PRESENTATION OF THE ONASSIS NATIONAL TRANSPLANT CENTER:
A HEALTH PROJECT ON A NATIONAL SCALE FROM THE ONASSIS FOUNDATION
Greece acquires its own national transplant center. The vision of an Onassis National Transplant Center is now a reality,
The Onassis Foundation’s contributions in the field of Health continue. A long-cherished vision becomes a reality: Greece acquires a national transplant center: the Onassis National Transplant Center. A hospital dedicated to solid organ transplants, with a total budget of 100 million Euros, equipped with cutting-edge technology and including the first autonomous transplant unit exclusively for children in Greece, the Onassis Pediatric Unit, which will offer high-level Pediatric Cardiology & Pediatric Heart Surgery services. A center which also has special provisions in place for the treatment of uninsured patients. A hospital for all.
The presentation of the Onassis National Transplant Center was held on Wednesday 31 October at the Onassis Cultural Center in the presence of Mr Takis Kourakis, First Deputy Speaker of the Hellenic Parliament representing the Speaker of the House; the Hellenic Minister of Health, Mr Andreas Xanthos, and the Deputy Minister of Health, Mr Pavlos Polakis, representing the Government; the MP and Shadow Secretary of State for Health, Vasilis Oikonomou,, representing the President of New Democracy; the MP Konstantinos Bargiotas representing the President of the KINAL; the head of Potami, Mr Stavros Theodorakis; and numerous representatives from the domains of politics and diplomacy, the media, and important figures from the academic and medical communities. The event was chaired by the well-known journalist, Popi Tsapanidou.
The vision goes back a long way. But guided by the actual needs of Greek society, the Onassis Foundation has been working towards its implementation steadily and with determination. Working with both the Greek state and the National Transplant Organization (NTO), these efforts ultimately bore fruit, and the vote to adopt the draft law by the plenary of the Hellenic Parliament on 27 September 2018 put in place the framework that will allow a second hospital, this one specializing in transplants, to take its place alongside the Onassis Cardiac Surgery Center (OCSC) and to be in operation within three years of the start of the implementation stage.
The President of the Onassis Foundation and host of the event, Mr Anthony Papadimitriou, referred to this vision in his opening speech. Mr Papadimitriou stressed, , among other things: «Today is a day of joy, vindication and pride for the Onassis Foundation. We have worked systematically and with dedication within a framework of fruitful public-private sector cooperation to achieve today’s result. By creating the Onassis National Transplant Center, the Onassis Foundation is set to usher in another turning point in Greek health and make the dream of access to high-quality, specialized transplant services a reality for dozens of patients. As the guardian of Aristotle Onassis’ vision, the Onassis Foundation has been providing uninterrupted support to Health, Education and Culture for over four decades. Our goal is to assist society and the Greek state, honouring the past and looking ahead to the future.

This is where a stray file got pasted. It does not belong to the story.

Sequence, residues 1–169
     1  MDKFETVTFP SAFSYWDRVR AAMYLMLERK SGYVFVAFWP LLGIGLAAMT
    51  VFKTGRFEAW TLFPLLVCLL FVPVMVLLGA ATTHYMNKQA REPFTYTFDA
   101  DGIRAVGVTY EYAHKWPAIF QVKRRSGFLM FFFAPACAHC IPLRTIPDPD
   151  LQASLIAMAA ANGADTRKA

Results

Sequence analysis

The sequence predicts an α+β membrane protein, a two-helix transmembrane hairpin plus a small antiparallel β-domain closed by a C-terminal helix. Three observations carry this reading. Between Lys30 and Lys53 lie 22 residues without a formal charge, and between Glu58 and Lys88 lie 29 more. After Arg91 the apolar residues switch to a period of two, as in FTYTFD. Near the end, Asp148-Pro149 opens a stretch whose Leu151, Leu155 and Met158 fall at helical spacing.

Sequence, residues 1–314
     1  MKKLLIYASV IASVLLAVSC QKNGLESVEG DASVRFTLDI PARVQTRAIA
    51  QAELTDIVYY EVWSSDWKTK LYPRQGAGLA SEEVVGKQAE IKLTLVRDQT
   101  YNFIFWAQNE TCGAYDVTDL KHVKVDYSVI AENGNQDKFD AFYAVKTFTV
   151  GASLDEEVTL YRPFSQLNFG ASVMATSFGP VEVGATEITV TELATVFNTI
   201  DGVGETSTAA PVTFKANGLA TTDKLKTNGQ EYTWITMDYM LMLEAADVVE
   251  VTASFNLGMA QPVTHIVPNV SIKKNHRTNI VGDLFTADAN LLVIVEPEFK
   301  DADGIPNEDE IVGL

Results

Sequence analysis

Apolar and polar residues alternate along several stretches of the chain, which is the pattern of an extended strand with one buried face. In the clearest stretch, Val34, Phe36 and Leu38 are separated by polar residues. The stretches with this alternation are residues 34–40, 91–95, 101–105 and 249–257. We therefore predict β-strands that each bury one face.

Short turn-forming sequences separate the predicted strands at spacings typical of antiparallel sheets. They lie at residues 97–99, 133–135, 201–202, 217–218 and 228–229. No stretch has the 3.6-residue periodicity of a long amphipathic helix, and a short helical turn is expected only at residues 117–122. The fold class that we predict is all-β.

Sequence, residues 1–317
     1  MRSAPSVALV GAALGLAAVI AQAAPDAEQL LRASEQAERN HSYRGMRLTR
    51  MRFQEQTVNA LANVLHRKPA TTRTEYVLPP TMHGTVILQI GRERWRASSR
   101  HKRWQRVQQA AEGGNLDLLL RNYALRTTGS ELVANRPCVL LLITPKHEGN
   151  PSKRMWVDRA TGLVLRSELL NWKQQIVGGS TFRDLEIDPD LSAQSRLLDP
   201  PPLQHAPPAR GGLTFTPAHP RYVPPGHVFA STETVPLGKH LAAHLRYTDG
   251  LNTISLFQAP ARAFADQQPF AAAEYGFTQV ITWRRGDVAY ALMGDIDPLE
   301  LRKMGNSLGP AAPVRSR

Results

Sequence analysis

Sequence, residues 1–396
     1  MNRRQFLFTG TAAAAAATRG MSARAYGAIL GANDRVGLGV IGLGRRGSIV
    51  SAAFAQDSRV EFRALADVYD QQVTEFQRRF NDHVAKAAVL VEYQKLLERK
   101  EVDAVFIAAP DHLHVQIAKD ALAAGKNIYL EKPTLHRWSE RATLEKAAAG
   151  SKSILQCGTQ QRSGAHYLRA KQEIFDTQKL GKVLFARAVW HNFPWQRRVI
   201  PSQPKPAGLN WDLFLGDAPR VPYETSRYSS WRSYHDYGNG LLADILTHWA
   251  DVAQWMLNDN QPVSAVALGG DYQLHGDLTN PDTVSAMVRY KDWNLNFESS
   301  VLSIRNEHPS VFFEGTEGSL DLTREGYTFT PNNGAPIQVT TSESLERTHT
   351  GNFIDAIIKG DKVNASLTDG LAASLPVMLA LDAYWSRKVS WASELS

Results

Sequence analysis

For his part, the President of the Onassis Cardiac Surgery Center, Mr Dimitris Niakas, noted the positive impact the creation of the new hospital will have on his own hospital: “The creation of a new hospital, the Onassis National Transplant Center, will help further upgrade and evolve the services provided by the Onassis Cardiac Surgery Center, allowing it to remain at the cutting edge of developments and innovation in the field of cardiology and heart surgery.»
The project was embraced from the start by the President of the National Transplant Organization, Mr Andreas Karabinis, who stressed the project’s importance for the Greek transplant sector: “The National Transplant Organization welcomes the Onassis Foundation’s initiative to create and donate a state-of the-art national transplant center to Greek society in order to fill the gap in the health services and infrastructure available in the sphere of organ transplants. In parallel, we have also designed a series of actions which we will be jointly implementing with the Onassis Foundation to raise awareness and knowledge of the crucial issue of organ donations, both within the medical community and in Greek society at large.» It should be noted that the Onassis National Transplant Center will also house the new headquarters of the NTO, which will in itself help the Greek transplant sector operate as efficiently and flexibly as possible.